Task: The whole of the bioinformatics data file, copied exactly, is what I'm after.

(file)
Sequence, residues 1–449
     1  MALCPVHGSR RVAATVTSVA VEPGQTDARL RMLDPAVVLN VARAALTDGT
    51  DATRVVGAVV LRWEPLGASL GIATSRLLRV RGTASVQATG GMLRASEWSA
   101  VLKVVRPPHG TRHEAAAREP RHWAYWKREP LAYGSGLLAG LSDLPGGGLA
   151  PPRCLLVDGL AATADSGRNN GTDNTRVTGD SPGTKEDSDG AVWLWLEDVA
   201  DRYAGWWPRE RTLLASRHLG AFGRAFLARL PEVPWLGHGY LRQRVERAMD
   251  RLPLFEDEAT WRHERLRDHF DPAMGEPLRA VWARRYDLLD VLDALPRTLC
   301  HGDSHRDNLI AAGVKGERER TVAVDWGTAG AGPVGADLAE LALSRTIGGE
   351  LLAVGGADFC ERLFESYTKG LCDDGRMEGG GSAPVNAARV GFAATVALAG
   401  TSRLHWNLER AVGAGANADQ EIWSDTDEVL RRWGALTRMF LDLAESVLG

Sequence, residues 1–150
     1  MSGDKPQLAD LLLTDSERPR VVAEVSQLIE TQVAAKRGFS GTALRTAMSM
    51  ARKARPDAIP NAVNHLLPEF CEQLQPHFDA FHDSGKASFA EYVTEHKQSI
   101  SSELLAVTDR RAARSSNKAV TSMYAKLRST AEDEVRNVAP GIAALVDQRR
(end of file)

Sequence, residues 1–449
     1  MALCPVHGSR RVAATVTSVA VEPGQTDARL RMLDPAVVLN VARAALTDGT
    51  DATRVVGAVV LRWEPLGASL GIATSRLLRV RGTASVQATG GMLRASEWSA
   101  VLKVVRPPHG TRHEAAAREP RHWAYWKREP LAYGSGLLAG LSDLPGGGLA
   151  PPRCLLVDGL AATADSGRNN GTDNTRVTGD SPGTKEDSDG AVWLWLEDVA
   201  DRYAGWWPRE RTLLASRHLG AFGRAFLARL PEVPWLGHGY LRQRVERAMD
   251  RLPLFEDEAT WRHERLRDHF DPAMGEPLRA VWARRYDLLD VLDALPRTLC
   301  HGDSHRDNLI AAGVKGERER TVAVDWGTAG AGPVGADLAE LALSRTIGGE
   351  LLAVGGADFC ERLFESYTKG LCDDGRMEGG GSAPVNAARV GFAATVALAG
   401  TSRLHWNLER AVGAGANADQ EIWSDTDEVL RRWGALTRMF LDLAESVLG

Sequence, residues 1–150
     1  MSGDKPQLAD LLLTDSERPR VVAEVSQLIE TQVAAKRGFS GTALRTAMSM
    51  ARKARPDAIP NAVNHLLPEF CEQLQPHFDA FHDSGKASFA EYVTEHKQSI
   101  SSELLAVTDR RAARSSNKAV TSMYAKLRST AEDEVRNVAP GIAALVDQRR